The Internet is a Freak Magnet

Despite the fact that you and I are here, I think we need to recognize that the internet is a freak magnet. Knowing that explains a lot of the behavior that you see online. And it only makes sense, after all – imagine that you were a man or woman of shall we say, particular interests, who lived in small-town USA. How do you connect with others of your persuasion? Classified ads are too hit-and-miss; conventions are rare. However, the internet is always there, blinking like a neon sign in the desert, always on, always ready with its gaping maw. It allows you to find and connect with fellow freaks. As a side benefit, it allows you to organize and so amplify your voice.

Would BLM exist if not for the internet? How about Anonymous? How about various incarnations of the special snowflake brigade? Would homosexual activists or leftists have such power? The internet is a freak amplifier and as such, a reality distorter. Online, the alt-right thinks it is king, because they can swamp any poll. Offline, not so much. Online, SJWs rule the roost; offline, they are beat up in dark alleys. Online, freaks are brave. Offline, they cower.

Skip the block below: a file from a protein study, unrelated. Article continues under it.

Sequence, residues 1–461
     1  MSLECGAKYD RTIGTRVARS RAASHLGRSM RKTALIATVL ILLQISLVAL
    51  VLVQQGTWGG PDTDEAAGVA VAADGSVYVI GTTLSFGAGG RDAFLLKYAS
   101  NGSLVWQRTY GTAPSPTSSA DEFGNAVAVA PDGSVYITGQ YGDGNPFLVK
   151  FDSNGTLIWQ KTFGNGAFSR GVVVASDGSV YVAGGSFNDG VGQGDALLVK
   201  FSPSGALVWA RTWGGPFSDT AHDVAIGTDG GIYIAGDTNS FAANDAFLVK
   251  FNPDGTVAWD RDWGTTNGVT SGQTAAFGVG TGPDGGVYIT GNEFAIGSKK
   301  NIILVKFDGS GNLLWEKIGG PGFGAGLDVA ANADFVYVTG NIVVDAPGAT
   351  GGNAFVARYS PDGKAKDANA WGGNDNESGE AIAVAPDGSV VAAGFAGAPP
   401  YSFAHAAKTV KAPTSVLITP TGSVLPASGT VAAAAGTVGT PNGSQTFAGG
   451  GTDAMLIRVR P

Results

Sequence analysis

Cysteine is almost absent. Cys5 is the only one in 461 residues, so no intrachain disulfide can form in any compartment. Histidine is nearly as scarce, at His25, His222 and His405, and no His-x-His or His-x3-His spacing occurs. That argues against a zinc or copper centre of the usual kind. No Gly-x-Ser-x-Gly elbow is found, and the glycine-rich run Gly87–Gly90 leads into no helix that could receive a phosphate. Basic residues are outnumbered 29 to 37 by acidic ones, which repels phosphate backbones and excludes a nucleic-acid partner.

The Internet is probably the largest safe space imaginable, and so to hear cries that someone said something I didn’t like, so make the bad person go away mommy, are just silly. Click to the next page, please. There are so many places to go online that if you don’t like one, the next one is literally seconds away. And you can even make your own space! If people bother you, block them. Interpersonal problems are relatively easy to solve here.

Perhaps a big problem with the internet is that is draws people who don’t get along with others, people who are not socialized well or well-adjusted. Thus you have unhappy young women hanging out on Tumblr suddenly discovering that they are lesbians. Thus you have 21-page flamewars. Thus you have people issuing death threats to others, and on and on it goes. It would be one thing if people took the whole internet with a grain of salt, or cared about other people, or a few other common sense remedies. However, I don’t see this happening any time soon. Yet until one of these things happen, people who spend their time online will look with squinted eyes out at the real world and declare that it needs to be corrected. It does, but how do they even know what real is, when they spend their waking hours in a collective fantasy populated and driven by professional agitators and ne’er-do-wells? The internet is a derivation from the real world and not the reverse.

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